How did his teammates react to a man in their midst with two master's degrees? "I think it's fair to say that no one gave a bleep," Nye says. "There were some other highly educated guys on the team, Calvin Hill from Yale and several others from Stanford. I was considered just another one of the subhumans on the offensive line."
Nye concedes that he was never able to use his knowledge of physics to, say, triangulate optimum blocking angles or enhance momentum transfers to onrushing linebackers. But, he says with a smile, "once, I helped Thomas Henderson, Charlie Waters and D.D. Lewis figure out the diameter of a tree from a string they'd wrapped around it."
Nye's business skills proved more beneficial to his football career. Disdaining agents after his rookie year, he prepared for salary negotiations by constructing graphs of Cowboy salary patterns. He shrewdly outbluffed Cowboy executive Gil Brandt by threatening to sign with Portland of the World Football League. "I told him, 'This is the deal, or I sign with Portland,' and hung up. But then I remembered I had better make plane reservations to Portland, because Brandt would check on that. I got a very good contract that year."
After retiring from football in 1976, Nye returned to Stanford Business School, where he earned a Ph.D. in finance in 1981. His dissertation was titled "Demand and Pricing for Health Care and Guaranteed Insurability." By then, he and Annabelle were living in Menlo Park, Calif., with their children: Melissa, now 22; Blaine Jr., 20; Zack, 11; and Matt, 9. That same year, Nye started Stanford Consulting Group, a firm that specializes in economic research and provides expert opinions in business litigation.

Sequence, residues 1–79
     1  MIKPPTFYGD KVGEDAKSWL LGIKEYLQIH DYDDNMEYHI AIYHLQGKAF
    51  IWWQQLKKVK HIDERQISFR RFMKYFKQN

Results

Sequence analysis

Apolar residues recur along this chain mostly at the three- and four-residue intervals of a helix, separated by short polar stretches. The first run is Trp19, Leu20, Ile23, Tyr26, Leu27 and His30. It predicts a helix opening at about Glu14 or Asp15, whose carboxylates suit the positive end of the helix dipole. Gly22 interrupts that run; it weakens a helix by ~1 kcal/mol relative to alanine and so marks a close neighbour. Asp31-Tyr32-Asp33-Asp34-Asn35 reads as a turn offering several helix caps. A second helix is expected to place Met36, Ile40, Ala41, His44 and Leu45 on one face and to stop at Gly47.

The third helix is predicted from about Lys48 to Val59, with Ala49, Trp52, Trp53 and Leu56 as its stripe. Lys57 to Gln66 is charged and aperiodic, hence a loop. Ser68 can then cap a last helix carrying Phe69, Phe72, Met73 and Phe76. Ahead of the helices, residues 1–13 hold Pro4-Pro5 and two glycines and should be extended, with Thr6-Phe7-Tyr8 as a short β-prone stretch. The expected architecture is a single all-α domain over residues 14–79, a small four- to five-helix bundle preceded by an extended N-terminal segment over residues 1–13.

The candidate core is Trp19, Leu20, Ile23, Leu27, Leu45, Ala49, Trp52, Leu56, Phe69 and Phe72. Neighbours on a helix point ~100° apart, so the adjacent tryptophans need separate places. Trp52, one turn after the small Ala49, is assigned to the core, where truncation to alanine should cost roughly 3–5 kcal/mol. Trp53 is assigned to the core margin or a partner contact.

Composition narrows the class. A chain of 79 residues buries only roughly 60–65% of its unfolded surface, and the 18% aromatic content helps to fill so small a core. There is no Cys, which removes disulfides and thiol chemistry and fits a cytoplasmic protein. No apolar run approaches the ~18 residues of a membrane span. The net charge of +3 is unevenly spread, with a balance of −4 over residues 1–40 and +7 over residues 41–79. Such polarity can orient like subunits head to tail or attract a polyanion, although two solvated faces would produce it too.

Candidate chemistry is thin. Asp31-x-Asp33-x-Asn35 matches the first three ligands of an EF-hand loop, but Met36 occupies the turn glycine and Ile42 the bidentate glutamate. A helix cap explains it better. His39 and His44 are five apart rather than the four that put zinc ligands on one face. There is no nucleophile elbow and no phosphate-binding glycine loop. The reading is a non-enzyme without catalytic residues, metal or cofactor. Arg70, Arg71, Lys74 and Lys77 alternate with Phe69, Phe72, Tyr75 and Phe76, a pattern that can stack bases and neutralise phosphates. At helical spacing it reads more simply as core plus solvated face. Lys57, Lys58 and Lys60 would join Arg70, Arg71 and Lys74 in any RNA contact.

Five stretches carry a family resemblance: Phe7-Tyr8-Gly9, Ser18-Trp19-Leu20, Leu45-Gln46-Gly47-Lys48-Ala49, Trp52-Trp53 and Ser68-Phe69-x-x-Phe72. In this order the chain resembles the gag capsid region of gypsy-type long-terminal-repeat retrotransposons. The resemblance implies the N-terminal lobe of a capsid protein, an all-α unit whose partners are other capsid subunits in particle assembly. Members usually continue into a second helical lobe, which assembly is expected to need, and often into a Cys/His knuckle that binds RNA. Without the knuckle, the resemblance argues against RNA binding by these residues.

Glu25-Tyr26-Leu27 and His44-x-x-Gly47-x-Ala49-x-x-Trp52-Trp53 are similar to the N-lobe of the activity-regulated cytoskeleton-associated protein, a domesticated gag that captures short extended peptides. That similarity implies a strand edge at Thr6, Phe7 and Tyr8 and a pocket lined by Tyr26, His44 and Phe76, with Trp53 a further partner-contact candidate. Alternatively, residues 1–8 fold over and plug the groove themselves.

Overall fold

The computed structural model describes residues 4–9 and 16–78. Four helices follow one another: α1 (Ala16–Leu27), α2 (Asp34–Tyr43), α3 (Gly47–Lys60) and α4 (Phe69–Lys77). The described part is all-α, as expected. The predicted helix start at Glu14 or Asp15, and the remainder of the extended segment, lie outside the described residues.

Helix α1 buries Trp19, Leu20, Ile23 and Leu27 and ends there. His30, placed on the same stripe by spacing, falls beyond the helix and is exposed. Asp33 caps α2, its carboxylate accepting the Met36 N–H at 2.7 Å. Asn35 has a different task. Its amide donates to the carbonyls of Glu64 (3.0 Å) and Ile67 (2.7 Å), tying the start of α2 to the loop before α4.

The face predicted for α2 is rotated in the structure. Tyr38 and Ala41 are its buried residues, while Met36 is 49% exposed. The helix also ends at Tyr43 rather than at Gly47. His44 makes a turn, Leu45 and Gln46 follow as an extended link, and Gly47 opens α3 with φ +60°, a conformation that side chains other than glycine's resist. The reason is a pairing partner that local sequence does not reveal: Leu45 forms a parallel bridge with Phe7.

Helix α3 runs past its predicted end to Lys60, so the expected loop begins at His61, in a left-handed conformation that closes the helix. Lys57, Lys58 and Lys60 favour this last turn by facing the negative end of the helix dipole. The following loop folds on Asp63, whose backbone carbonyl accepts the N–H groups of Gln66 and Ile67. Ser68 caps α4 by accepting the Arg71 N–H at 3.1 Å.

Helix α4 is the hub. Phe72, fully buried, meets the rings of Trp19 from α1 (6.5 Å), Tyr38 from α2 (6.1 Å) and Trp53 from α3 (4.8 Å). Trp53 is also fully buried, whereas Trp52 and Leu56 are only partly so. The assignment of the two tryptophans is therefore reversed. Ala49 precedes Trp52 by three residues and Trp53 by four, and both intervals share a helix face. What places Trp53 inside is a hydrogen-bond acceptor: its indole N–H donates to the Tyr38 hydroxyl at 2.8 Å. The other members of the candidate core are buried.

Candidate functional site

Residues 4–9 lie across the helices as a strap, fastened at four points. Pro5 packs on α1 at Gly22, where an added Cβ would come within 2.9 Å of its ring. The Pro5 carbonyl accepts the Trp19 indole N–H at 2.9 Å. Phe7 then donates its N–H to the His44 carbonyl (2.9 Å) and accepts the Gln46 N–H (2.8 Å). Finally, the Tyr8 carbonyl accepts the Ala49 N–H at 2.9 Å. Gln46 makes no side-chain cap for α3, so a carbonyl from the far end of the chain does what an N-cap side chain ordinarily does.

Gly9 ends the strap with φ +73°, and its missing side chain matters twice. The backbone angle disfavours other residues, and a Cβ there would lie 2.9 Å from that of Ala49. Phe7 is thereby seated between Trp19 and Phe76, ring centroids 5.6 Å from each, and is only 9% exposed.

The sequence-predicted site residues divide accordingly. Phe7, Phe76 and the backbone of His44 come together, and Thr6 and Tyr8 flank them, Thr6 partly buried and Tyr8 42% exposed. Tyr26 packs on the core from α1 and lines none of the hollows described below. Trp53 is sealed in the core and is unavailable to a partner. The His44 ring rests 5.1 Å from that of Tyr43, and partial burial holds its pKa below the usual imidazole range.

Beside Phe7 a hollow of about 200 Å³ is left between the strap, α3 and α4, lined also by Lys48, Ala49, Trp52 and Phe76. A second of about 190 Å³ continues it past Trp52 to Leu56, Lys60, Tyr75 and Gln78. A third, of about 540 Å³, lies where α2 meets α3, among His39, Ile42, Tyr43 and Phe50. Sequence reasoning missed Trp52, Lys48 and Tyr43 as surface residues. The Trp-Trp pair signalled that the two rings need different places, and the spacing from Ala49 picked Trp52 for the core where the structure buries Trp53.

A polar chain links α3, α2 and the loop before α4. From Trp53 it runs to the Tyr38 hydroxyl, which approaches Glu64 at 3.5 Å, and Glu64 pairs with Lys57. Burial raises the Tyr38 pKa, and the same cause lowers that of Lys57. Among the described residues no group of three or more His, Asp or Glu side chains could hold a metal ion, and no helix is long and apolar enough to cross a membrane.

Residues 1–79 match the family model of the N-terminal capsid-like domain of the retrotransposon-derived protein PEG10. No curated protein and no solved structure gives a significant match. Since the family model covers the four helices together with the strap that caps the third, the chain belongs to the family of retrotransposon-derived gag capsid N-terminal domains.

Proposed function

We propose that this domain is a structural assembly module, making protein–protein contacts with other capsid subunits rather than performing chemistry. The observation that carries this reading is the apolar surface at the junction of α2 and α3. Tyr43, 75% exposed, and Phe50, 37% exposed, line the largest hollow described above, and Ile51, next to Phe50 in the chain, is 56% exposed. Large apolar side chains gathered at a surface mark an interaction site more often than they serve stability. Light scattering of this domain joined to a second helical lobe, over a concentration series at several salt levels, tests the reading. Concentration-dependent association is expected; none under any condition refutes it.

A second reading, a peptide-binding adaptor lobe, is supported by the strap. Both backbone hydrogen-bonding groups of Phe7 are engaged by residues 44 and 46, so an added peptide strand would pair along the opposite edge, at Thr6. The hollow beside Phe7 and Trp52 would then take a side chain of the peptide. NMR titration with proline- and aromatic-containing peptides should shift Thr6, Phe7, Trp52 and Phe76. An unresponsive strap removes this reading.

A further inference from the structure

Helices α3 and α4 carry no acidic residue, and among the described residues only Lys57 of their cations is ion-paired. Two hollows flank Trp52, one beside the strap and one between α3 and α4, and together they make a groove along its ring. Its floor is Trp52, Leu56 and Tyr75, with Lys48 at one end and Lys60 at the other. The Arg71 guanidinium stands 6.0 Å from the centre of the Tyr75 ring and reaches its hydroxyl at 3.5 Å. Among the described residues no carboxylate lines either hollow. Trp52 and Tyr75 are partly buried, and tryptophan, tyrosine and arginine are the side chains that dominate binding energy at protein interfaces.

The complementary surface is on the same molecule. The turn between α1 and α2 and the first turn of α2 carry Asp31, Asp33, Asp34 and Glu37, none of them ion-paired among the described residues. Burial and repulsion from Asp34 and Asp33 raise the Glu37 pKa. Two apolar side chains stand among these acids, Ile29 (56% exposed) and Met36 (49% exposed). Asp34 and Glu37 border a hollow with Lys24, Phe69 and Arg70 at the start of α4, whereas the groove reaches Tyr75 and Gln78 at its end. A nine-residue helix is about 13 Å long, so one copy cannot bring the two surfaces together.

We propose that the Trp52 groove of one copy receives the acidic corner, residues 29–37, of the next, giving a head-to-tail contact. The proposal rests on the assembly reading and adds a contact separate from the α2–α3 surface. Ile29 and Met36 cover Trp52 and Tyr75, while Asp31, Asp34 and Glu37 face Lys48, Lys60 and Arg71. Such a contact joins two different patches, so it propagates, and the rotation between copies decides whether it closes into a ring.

"Every once in a while, I run into people with preconceptions about ex-jocks," says Nye. "In meetings, I'll say something, and the client will look at one of my partners as if to say, 'Is he really right?' And sometimes when I testify as an expert witness, I can tell the opposing lawyer is thinking, My god, they hired a football player, I guess they couldn't find anyone else."
In one civil case in which the amount of the financial award was being determined, the opposing lawyer, stung by Nye's convincing expert testimony, was moved to tell the jury, "The witness testified the way he played football—wildly and recklessly." As Nye enjoys recalling, the outcome was satisfactory to his client.
With his financial acumen, in-the-trenches football experience and proven negotiating skills, Nye would probably make a superb player's agent or financial adviser. But he professes no interest. "I don't think today's players would like my advice very much," he says. "Their attitude is, I've got 50 thousand, get me a million. Young people these days want to do something racy, to make a lot of money real quick. I'd probably tell them to just stick it in the bank."
For all his business success, though, Nye still has a soft spot for physics, particularly in regard to electricity and magnetism. "I just seemed to have a natural ability for that part of physics," he recalls fondly. "I like the rigor of it, the way you couldn't b.s. your way through. And it wasn't one of those things you could break your back on and eventually figure out. It was a conceptual leap. You either got it or you didn't."
Tell me about it, Dr. Nye.
Dave Noland is a free-lance writer and frequent contributor to SI.